Learning the Language of Lawyers: Writing Compelling Arguments

We are thrilled and honored to be guest blogging here this week.  We are both huge fans of the blog, the Two Writing Teachers community and of Ruth and Stacey’s work. Having recently watched the Grammys, it feels a bit like we are hanging with Beyoncé and Jay-Z for a night!

Many of us are knee-deep in opinion and argument writing this time of year. Hopefully, we have time with our students to explore and enjoy the rich and lyrical genre of essays or reviews. Perhaps we are indeed teaching essay writing, but with our eyes trained nervously on our various state tests. Whether teaching students to write artful essays or those for high-stakes exams, we often hit a stumbling block when we teach students to put forth their ideas, opinions, and stances.  As our kids begin to say what they think and why they think it, their language falters, fumbles, or drifts.

We know they have opinions – just hang out with a few of your kids at lunch and you’ll hear plenty. We know they know how to argue – ­do something “unfair” and you’ll hear plenty of argument. But they sometimes struggle to get the argument down on paper; they struggle when they are consciously trying to argue a point.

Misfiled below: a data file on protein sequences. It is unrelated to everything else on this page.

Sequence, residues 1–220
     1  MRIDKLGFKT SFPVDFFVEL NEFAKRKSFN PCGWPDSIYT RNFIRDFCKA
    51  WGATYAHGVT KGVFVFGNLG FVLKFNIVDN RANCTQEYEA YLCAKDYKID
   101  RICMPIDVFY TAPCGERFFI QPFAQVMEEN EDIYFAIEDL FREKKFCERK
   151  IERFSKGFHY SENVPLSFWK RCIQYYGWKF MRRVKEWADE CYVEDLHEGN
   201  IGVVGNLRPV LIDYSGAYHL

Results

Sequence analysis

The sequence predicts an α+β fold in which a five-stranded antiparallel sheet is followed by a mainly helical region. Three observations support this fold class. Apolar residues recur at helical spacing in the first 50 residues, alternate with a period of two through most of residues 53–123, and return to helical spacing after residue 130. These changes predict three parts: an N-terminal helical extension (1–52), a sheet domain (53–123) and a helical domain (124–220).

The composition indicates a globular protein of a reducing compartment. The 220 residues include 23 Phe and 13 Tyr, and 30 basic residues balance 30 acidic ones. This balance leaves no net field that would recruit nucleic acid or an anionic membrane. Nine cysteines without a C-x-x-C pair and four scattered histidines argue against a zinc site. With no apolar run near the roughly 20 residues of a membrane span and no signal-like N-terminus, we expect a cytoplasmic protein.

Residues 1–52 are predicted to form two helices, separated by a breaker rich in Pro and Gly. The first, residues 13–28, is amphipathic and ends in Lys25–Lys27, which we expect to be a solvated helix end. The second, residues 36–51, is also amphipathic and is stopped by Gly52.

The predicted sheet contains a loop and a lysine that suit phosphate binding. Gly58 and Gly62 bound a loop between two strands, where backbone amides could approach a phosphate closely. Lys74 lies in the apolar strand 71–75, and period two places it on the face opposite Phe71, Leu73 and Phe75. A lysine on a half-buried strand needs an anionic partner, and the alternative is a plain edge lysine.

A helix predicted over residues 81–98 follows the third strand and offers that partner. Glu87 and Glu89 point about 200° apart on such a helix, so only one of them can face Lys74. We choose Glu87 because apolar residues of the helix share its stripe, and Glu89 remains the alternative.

On our blog, indent, we strive to take big ideas and focus on the tiny details that can help make that big work feel more tangible for us and for our students.  So, how do we make the language of essay and review writing feel more doable for us, and for the kids? In thinking about this question, we went to the only logical source: Matlock.

Matlock. Fantastic lawyer. Nice guy. Snappy dresser.  We strongly suggest that you search the web for “Matlock Theme Song” in order to properly get into the mood of this post.

Okay, so it doesn’t have to be Matlock. Really, any lawyer show, even anything with a courtroom scene will do. (Although why you would not choose the nice man in the nice suit is beyond us.) The point is, when we study the moves of those who make or perform arguments for a living, we see that their language – the words and phrases and tone they use – has many of the same qualities we want our students to have when they write opinion or argument pieces.

Lawyers’ language has three traits that we can teach to our students:

1. Strength

2. Legacy

3. Voice